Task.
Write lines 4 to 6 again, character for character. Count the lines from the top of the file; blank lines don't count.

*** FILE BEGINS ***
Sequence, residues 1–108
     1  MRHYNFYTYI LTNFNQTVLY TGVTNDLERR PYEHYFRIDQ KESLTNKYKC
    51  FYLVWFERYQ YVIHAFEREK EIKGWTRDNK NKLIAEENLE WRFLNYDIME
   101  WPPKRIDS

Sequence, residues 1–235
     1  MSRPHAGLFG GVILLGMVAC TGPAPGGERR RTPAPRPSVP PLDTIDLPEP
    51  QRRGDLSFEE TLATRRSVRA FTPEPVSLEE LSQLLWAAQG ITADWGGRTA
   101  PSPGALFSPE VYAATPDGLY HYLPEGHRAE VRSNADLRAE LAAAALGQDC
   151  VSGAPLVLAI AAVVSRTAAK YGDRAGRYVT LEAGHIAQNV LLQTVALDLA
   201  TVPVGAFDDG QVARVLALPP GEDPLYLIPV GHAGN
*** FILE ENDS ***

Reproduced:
   101  WPPKRIDS

Sequence, residues 1–235
     1  MSRPHAGLFG GVILLGMVAC TGPAPGGERR RTPAPRPSVP PLDTIDLPEP